Mayslake Avian Update

by Carl Strang

With the frantic migration season fading away, birds have entered the frantic breeding season. Indeed, some birds already are on their second brood.

I took this photo of a robin fledgling back on May 22, and saw some second nests under incubation last week.

Birds continue to wander, however, and unexpected individuals pop up from time to time.

This coot showed up on May’s Lake one day last week, for example.

There always is something new to learn. On Thursday of last week I saw a female orchard oriole in the north savanna. She seemed to be at home, and so I returned there on Friday, mixing plant survey work with a wish to gain more information on the orioles’ presence.

It didn’t take long to find the male.

He was fairly vocal, but his song and call were more similar to those of the Baltimore oriole than other orchard orioles I have observed in the past (though lacking the loudly whistled “hey batter batter batter” call of that baseball-oriented bird). I had no record of this species at Mayslake last year, but now I wonder if I was hearing this male and labeling him a Baltimore oriole. There always is something new to learn.

Christmas Bird Count 2010

by Carl Strang

Saturday was the DuPage Birding Club’s Christmas Bird Count, which centers on Fermilab, the famous physics research facility that straddles western DuPage and eastern Kane Counties. Here my group pauses attentively as yet-to-be identified birds call and flutter in the brush.

Group leader Urs Geiser, far right, is very good at pishing, a method for calling in small birds.

For a group portrait go here to the account of the 2008 outing. The weather has been very cold, most bodies of water are frozen, and for the most part the count was unremarkable. One exception for our group was this purple finch that Linda Padera spotted just before our lunch break.

The heavy facial stripes distinguish the female-plumage purple finch.

In the afternoon we stopped at West Branch Forest Preserve, home to one of the county’s major Canada goose roosts until it freezes over. Some birds had kept a hole open in the ice.

Most of the birds around the hole are Canada geese.

While we watched, the main swimming activity keeping the hole open was provided by 14 common goldeneye ducks and a coot.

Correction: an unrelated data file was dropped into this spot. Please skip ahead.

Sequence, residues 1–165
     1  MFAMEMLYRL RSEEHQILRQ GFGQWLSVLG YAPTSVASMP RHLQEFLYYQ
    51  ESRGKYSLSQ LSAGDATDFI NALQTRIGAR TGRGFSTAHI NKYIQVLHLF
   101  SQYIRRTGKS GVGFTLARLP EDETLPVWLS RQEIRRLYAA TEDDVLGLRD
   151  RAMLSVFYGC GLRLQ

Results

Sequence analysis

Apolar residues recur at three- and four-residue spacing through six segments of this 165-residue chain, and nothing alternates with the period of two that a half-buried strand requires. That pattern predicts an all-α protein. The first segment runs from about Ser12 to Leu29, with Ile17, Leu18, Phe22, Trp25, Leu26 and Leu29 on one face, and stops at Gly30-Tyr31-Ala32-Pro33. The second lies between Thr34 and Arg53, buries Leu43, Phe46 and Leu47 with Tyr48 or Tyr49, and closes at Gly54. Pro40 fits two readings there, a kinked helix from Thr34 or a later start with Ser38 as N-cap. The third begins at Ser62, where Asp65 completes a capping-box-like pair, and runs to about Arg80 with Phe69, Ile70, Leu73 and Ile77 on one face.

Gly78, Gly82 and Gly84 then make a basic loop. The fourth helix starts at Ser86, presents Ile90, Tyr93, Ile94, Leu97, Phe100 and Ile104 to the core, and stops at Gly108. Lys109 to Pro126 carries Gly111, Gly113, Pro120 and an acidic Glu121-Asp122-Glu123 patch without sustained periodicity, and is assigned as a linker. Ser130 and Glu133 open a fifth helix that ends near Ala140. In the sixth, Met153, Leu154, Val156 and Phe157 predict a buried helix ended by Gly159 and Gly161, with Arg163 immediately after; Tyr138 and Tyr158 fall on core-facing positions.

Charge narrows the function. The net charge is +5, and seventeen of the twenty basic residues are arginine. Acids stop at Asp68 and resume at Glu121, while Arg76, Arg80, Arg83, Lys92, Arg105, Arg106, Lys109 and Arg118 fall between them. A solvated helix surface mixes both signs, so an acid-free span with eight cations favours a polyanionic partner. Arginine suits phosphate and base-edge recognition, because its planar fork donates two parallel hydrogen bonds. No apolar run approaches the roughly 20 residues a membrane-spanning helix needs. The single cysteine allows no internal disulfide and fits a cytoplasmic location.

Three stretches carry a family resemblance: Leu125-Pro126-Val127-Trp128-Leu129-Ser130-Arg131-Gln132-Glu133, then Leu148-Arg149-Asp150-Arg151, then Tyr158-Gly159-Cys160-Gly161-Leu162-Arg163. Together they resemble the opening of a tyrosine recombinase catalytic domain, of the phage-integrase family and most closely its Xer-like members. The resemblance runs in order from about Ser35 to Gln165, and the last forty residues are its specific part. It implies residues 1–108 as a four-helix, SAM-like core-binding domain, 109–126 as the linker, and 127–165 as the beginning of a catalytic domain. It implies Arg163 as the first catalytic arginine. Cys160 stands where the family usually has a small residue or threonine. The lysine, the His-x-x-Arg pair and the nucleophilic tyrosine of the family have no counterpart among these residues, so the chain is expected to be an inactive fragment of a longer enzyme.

Here, 8 of the goldeneyes rest on the surface between foraging dives.

On the ice fringing the nearby West Branch of the DuPage River, we noticed these remarkable traces in the snow.

What do you think would make marks like this?

A close look revealed distinctive footprints of a great horned owl close to the bank. It looks like the bird came in for a landing at speed, with most of the lines drawn by the bird’s tail feathers as it put on the brakes. Undulations suggest the owl made two strong backsweeps with its wings as its tail feathers dragged. It stood for a moment before springing back into the air.

Coots and Snow Buntings

by Carl Strang

On a brief trip to Culver, Indiana, last week I took some time to visit the town park and look for migrant ducks on Lake Maxinkuckee. There were coots aplenty, diving for water plants and quibbling as coots do.

There were thousands of coots, a few grebes and a loon, but no ducks other than local semi-domestic mallards.

The highlight came, not from waterfowl but from a trio of small birds that popped up along the shore of the lake.

Snow buntings! I never had seen one in all my childhood years of birding that town.

They were looking for seeds along the shore. It’s worth going out even on the dismal days of November. You never know what you may discover.

CBC 2009

by Carl Strang

One annual highlight as the end of the year approaches is the Christmas Bird Count. Last year I introduced the group to which I belong. Here our party proceeds along the Prairie Path in the 4-mile hike that filled Saturday morning.

Urs Geiser, our leader, is on the left. Behind him, Frank Padera converses with Marcia Nye (who walks behind a smiling Linda Padera). Lee Nye’s clipboard reveals that as recorder he had the challenge of keeping the data sheet dry. A very light snowfall was a constant through the day. Judy Morgan was with us, too, but doesn’t show in this photo. Chuck Drake couldn’t make it this year.

As you can see, the accumulated snow made the landscape beautiful.

The beauty had to compensate for a relative absence of birds. Nearly every species was down in numbers compared to last year, and to the area’s average. One species that was present in typical numbers was the American tree sparrow.

Among the 29 species we found were a few robins.

On the other hand, there were a few highlights. We saw our area’s first tufted titmouse in years (but no photo). Also, the area’s first-ever hooded merganser and coot (the latter shown below) cheered us in the afternoon.

I should clarify that when I refer to “area” I mean the bit of geography assigned to our little group. Our area was part of a much larger circle centering on Fermilab and covering significant parts of DuPage and Kane Counties. Ours was one of eight groups collectively covering that circle. Circles like this are one part of the continent-wide standard that allows CBC data to have some merit in long-term monitoring of birds across North America.

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